“Who am I?”
This is to me, one of the most if not the most troubling question.
First, because I don’t think it can be answered in words or any other formal ways. Maybe through art, but I’m not sure. I feel that any answers in any forms will always be a part, a glimpse of something elusive.
The second reason is that I’m relentlessly changing. Answers are like photographs, they capture a moment. Even when I feel I have an answer, the truth about who I am has already moved. Maybe just a tiny shift, but enough to make any response obsolete at the moment it appears.
The third and most troubling reason is that anytime that question emerges in my awareness, I know something is off. When what I do is aligned with who I am, my life is the living answer to that question. So magically that question disappears from my radar. When it appears, however, that means there are some misalignments. And that question is like a voice reminding me that something wants to change.
There was this scene in a movie I watched yesterday; a sort of motivator was telling his followers that they should stop being who the others want for them to be and become who they are meant to be.
You’ve probably heard something similar many times. Myself, I think I’ve said and written stuff along these lines a few times.
This morning, however, a question was there, lingering on the periphery of my perception during my meditation.
Meant by who or what?
If you believe that life is fully scripted, then how can I know if being who the others want isn’t exactly what’s planned for me? Or in general, maybe even evil people are part of the script. So, whatever I’ll be and do, I supposed it is what I’m meant to be and do by definition.
If you believe that you are the sole author of your choices within a given playground, then the question remains. Meant by who? Me?
Maybe it’s an entirely irrelevant question. As Viktor Frankl wrote, “We needed to stop asking about the meaning of life, and instead to think of ourselves as those who were being questioned by life“.
So, I should worry less about who I’m meant to be and focus on who I want to be today.
To know who we are is a lifelong journey.
And not an easy one.
I believe that the direct way, going head-on towards this quest doesn’t really work. It’s impossible to distil something as infinite as a human being in a few words.
So, usually, we recognise ourselves through the reflections we see in what’s around and outside us. Our relationships, the things we create, the word we do, our habits. In everything we do, there is a reflection of who we are, a glimpse of our identity.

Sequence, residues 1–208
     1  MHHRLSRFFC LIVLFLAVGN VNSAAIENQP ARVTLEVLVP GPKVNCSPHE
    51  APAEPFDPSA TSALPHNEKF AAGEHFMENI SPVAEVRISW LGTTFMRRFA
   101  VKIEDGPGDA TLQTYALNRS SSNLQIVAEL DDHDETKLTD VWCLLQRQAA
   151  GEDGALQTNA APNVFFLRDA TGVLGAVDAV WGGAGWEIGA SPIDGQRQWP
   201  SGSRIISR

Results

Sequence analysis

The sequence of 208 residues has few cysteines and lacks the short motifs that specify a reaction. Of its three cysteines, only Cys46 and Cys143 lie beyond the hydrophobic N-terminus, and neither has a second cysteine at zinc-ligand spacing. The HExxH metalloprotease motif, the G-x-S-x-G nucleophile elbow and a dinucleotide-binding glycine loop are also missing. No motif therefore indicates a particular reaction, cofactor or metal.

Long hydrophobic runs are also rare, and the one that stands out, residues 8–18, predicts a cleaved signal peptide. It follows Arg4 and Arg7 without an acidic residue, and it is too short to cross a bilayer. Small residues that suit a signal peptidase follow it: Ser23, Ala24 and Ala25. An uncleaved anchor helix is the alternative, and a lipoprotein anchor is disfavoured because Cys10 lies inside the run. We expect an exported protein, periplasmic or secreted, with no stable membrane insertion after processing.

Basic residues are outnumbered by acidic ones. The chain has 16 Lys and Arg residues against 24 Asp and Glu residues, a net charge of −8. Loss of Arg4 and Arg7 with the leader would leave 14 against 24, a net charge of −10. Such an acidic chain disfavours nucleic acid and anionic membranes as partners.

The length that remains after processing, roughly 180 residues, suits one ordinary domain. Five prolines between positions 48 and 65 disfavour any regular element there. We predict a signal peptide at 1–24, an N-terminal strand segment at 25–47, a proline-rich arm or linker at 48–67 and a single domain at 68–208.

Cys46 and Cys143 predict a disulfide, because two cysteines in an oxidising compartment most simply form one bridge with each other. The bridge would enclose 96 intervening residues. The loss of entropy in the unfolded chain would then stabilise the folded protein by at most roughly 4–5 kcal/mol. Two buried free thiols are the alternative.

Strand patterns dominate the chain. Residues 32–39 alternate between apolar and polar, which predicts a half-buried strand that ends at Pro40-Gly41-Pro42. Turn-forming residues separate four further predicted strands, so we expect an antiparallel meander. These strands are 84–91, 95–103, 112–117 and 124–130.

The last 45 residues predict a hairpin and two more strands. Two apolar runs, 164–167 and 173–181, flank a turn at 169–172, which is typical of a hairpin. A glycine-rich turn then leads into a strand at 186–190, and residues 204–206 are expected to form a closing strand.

We all have this universe of people, activities and things around us through which we recognise ourselves.
But what happens when a crisis turns everything upside down in a moment? When our habits get disrupted? When we can’t do our work anymore, not in the same way at least?
Can we still recognise ourselves then?
What if we look at the crisis as an opportunity to rethink who we are?
Most of the time, I don’t pay much attention to my breathing.
I think I’m used to giving it for granted.
Though it is vital.
But anytime I pause and focus on it, I can feel its perfection; so much power in such a simple act.
Two movements that exist only together.
We can’t just skip one of them.
Similarly, the creative process is made of two movements that exist only together.
The inspiration phase, in which we draw in ideas and stimuli. And the expiration one in which we create something.
We can’t just skip one of them without compromising the whole creative act.
Though, I feel I overlooked the inspiration phase lately. I got trapped in the doing spiral, and I caught myself holding my breath, working in apnea.
I need to breathe in.
To create space and open up, so new air can flow in.
To get inspired.
I read somewhere – sorry, I can’ find the source at this moment – that only 16% of intelligent and creative ideas come to us while we’re at work.
Looking back, I think I had my best ideas while I was doing something else than working. Walking, cycling, taking a shower, having a conversation, reading a novel, watching a movie.
I believe ideas are out there. We just need to pay attention enough so we can see them.
To do so, we must expand our senses. We must reach the boundaries of our peripheral vision so we can see what hides in the liminal space; between our limited knowledge and the unlimited wisdom of the universe unknown to us.
I grew up with the idea that the effectiveness of work is measured by my productivity. So, when I work, my attention is narrowed on what I’m doing to avoid any distractions that could compromise my productivity.
Plus, sometimes the agenda takes over, so I work in a rush with a continuous feeling of being late.
What I’ve realised over the years, is that this approach dries out my creative wellspring.
I know that I’m falling trap of this productivity trap when I begin to have the same ideas over and over.
When that happens, I now know that it’s time to unplug and do anything but work. To me, that means doing something for the pure pleasure of doing it, without expecting any outcome.
Like walking, cycling, having a conversation, reading a novel, watching a movie.